When Remy is getting dressed before going to the Storyville Triple Murder scene, he has his shirt, tie and jacket on when he asks if she's sure that he should come back, while standing at the foot of the bed. In the next shot, he is in the doorway with his shirt on but completely unbuttoned, and his jacket and tie over his arm. See more »

Quotes

Remy McSwain: Oh, man, now they're killing retards.
McCabe: Then why ain't you dead?
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Soundtracks

LITTLE LIZA JANE
Performed by St. Augustine's Marching Hundred
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User Reviews

 
Where You At, Chere?
13 May 2001 | by See all my reviews

A good cop, who has allowed his principles to be compromised once too often, has it catch up with him amid allegations of internal corruption and what appears to be an impending war between the criminal elements of New Orleans, in 'The Big Easy,' directed by Jim McBride. Dennis Quaid stars as Remy McSwain, an eleven year veteran of the New Orleans Police Department, who from the day he joined the force learned that the 'perks' that went along with the job were all just a natural, acceptable part of the way things are done in the city they call The Big Easy. It's just the way it is; and all is well until Assistant District Attorney, Anne Osborne (Ellen Barkin), shows up one day, and becomes inordinately concerned with a recent 'wise guy' murder Remy is investigating. And it isn't long before things start to get a bit sticky for Remy and a few others who suddenly find themselves caught with their fingers in the cookie jar. But there are indications that something is going down at the precinct that is somewhat more serious than the penny-ante graft apparently being enjoyed by a number of New Orleans' finest, and Osborne's job is to get to the bottom of it. Remy, however, doesn't buy the idea that there are 'dirty' cops amongst his own, and quickly puts some moves on Anne to find out what she thinks she knows. And it starts him off along a path which, before it's over, he may wish he hadn't opted to tread.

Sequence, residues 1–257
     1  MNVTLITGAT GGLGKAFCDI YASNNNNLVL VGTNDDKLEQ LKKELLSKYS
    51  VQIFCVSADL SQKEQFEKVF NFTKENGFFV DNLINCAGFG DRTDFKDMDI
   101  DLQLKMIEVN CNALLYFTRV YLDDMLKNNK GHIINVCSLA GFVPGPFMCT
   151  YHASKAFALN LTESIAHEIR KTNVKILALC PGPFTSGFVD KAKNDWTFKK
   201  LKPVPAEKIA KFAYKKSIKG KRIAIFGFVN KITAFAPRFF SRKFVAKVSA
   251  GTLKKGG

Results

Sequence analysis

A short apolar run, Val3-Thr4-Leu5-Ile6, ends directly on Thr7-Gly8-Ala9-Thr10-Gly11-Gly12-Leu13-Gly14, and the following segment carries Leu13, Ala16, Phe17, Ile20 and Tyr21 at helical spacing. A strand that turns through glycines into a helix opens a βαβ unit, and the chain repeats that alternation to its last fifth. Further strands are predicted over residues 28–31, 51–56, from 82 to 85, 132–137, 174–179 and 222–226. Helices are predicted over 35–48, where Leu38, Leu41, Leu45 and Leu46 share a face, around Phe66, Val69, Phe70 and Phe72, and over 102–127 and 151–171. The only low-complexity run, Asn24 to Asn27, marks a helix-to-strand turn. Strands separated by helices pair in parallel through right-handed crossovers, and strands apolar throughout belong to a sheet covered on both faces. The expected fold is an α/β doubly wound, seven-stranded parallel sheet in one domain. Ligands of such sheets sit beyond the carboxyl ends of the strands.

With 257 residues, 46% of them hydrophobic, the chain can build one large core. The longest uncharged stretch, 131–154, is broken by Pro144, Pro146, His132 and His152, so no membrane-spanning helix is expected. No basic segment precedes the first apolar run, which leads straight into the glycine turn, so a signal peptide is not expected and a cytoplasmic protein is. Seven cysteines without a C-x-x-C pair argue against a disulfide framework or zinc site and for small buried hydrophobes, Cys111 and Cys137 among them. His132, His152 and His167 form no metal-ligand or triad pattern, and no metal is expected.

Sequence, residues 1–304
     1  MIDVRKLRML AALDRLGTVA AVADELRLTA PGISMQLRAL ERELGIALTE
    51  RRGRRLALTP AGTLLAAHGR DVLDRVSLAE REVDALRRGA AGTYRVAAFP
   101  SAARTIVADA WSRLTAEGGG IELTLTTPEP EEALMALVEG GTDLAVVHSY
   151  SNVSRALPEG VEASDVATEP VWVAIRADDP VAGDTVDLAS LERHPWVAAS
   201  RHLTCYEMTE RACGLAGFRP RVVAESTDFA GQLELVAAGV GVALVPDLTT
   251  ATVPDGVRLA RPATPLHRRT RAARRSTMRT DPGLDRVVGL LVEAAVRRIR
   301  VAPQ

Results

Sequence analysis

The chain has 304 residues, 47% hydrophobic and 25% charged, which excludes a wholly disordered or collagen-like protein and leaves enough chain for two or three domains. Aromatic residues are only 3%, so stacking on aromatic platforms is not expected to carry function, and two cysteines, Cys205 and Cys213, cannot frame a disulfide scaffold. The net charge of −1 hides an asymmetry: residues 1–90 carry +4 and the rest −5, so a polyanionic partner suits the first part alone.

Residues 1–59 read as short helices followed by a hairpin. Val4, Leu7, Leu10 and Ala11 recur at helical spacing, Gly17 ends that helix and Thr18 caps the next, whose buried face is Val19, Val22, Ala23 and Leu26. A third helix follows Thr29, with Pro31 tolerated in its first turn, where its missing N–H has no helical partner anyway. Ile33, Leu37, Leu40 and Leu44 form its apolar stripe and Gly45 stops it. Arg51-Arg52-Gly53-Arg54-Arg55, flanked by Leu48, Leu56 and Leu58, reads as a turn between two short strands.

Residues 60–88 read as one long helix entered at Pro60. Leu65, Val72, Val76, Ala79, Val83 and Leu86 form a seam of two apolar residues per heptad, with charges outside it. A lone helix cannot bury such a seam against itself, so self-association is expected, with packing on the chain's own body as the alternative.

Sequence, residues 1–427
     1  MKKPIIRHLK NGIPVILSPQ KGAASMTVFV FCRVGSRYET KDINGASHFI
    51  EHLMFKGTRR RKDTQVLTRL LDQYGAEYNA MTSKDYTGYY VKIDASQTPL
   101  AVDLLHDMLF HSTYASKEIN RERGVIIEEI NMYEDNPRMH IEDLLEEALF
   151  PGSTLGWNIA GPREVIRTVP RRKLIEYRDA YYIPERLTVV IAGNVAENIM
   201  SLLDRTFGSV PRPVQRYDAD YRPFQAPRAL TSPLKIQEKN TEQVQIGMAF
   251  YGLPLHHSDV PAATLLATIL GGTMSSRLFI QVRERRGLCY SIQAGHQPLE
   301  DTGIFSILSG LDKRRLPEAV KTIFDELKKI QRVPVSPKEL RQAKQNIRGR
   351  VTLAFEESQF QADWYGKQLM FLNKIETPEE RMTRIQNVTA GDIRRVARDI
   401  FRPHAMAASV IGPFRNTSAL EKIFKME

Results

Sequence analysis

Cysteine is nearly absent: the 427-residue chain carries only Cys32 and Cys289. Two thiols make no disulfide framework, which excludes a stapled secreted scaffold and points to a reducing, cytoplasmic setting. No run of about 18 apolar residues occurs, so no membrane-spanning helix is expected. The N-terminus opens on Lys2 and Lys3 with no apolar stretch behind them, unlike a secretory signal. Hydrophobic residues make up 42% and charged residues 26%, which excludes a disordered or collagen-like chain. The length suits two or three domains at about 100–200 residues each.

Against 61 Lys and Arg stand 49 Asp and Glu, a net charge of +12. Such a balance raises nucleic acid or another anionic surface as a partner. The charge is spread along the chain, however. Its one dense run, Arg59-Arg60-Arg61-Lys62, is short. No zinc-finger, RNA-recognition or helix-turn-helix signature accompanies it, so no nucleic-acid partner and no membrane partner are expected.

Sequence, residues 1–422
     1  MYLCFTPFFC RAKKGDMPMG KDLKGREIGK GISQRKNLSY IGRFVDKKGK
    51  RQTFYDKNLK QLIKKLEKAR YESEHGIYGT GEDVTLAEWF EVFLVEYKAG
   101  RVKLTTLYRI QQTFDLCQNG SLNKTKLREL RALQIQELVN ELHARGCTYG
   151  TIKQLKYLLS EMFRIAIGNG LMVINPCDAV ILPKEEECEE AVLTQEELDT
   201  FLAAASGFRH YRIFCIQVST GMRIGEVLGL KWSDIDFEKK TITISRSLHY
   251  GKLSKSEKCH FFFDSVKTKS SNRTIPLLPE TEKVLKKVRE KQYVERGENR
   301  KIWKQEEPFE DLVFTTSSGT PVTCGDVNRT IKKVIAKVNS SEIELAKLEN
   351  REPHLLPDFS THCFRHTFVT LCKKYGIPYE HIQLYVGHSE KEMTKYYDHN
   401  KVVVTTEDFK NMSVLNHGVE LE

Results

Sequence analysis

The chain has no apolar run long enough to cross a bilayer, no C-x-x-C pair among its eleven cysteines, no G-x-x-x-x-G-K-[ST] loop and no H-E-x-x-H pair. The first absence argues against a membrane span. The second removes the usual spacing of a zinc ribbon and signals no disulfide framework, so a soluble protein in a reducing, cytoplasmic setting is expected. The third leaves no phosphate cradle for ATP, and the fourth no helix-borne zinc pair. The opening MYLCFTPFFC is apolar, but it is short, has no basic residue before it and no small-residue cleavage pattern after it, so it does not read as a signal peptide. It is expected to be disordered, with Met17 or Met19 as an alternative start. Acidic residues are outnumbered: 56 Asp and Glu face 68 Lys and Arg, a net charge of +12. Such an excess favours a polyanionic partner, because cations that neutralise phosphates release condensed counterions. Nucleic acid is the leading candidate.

From the opening credits, as McBride takes you aloft and opens up his camera for a thrilling shot of the bayous and countryside rushing by below (backed by the blood stirring zydeco music that drives the entire film), he saturates the story with an atmosphere that brings New Orleans to life. And the vibrant sights and sounds of the city (including the engaging Creole dialects), are so richly textured that the city itself becomes as much an integral part of the story as many of the characters. As Remy would say in greeting, with his best prepossessing grin in place, 'Where you at, chere?'